Five Myths about College Majors
“I haven’t chosen a major yet, so the grades I get now in general classes aren’t so important.”
Every grade you earn is figured into your Grade Point Average (GPA). Some majors limit enrollment and require strong GPA's for admission.
“My major will guarantee me a certain job when I graduate.”
Watch out: The job market can change quickly—professions in demand today may not be so desirable tomorrow. Unless you have a crystal ball, you don’t want to choose a major for which you have neither interest nor skill, and in which you may not do well, based on a guess of what's going to be "in" 3-4 years from now.
“The major I choose has to prepare me for a particular job.”
Statistics show that most people change careers more than once in their lifetimes. Liberal Arts degrees that train in a subject instead of a profession can provide flexibility for today’s changing workplace by providing solid foundations for a wide range of careers.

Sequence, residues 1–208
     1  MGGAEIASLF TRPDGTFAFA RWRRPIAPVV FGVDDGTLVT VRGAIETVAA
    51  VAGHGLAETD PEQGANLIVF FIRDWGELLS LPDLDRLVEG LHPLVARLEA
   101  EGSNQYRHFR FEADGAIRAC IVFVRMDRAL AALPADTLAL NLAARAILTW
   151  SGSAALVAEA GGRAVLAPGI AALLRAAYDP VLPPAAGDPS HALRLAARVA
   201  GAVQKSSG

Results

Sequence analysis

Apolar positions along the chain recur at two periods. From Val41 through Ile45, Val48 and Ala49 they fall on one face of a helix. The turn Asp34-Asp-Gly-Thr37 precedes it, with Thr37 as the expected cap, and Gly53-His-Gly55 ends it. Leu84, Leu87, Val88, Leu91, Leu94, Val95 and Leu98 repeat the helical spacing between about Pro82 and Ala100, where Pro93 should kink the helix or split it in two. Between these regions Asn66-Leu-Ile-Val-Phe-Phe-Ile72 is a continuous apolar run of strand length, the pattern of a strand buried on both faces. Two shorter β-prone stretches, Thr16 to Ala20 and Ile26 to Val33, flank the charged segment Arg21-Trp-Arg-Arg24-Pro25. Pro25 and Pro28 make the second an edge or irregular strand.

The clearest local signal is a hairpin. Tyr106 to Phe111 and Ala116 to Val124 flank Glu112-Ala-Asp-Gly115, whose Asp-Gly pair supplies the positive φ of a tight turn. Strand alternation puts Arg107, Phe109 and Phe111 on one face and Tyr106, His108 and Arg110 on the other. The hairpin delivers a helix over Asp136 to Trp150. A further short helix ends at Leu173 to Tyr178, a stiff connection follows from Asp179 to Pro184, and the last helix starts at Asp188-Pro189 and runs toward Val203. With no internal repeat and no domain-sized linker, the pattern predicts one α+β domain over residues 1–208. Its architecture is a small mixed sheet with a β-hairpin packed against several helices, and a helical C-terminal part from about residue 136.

Your college education alone qualifies you for many jobs. Employers will train you for their specific needs.
“If I choose the wrong major, my future could be in trouble!”
Most programs strengthen ‘transferable skills’ by teaching reasoning, critical thinking, problem-solving, research techniques, and sharpening communication skills in writing and speaking. For example, law schools require high GPA's and LSAT scores but don't specify majors.
At the end of the day -- choose a major you truly want to study. You will do better academically, and can fine-tune your focus in graduate school or gain experience on the job.
“If I don’t choose a major now, I won’t graduate on time!”
Decisions made too quickly often backfire. Except in certain pre-professional programs with demanding curricula, studies show that students who start out undecided take no longer to graduate than students who begin with a major. 80% of all students change majors at least once!
Choosing a major is a process, and worth taking the time to do properly.